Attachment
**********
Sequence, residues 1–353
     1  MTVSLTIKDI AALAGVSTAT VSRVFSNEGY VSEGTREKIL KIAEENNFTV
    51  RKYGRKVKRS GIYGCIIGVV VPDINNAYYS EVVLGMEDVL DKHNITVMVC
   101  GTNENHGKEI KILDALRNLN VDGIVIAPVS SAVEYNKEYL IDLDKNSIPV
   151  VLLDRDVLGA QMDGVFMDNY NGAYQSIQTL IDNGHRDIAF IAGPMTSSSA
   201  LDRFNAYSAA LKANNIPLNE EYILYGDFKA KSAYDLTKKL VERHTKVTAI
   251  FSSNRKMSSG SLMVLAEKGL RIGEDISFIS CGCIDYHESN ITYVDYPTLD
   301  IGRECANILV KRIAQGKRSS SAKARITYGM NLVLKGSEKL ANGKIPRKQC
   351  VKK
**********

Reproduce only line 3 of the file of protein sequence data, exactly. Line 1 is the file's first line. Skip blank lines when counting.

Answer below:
    51  RKYGRKVKRS GIYGCIIGVV VPDINNAYYS EVVLGMEDVL DKHNITVMVC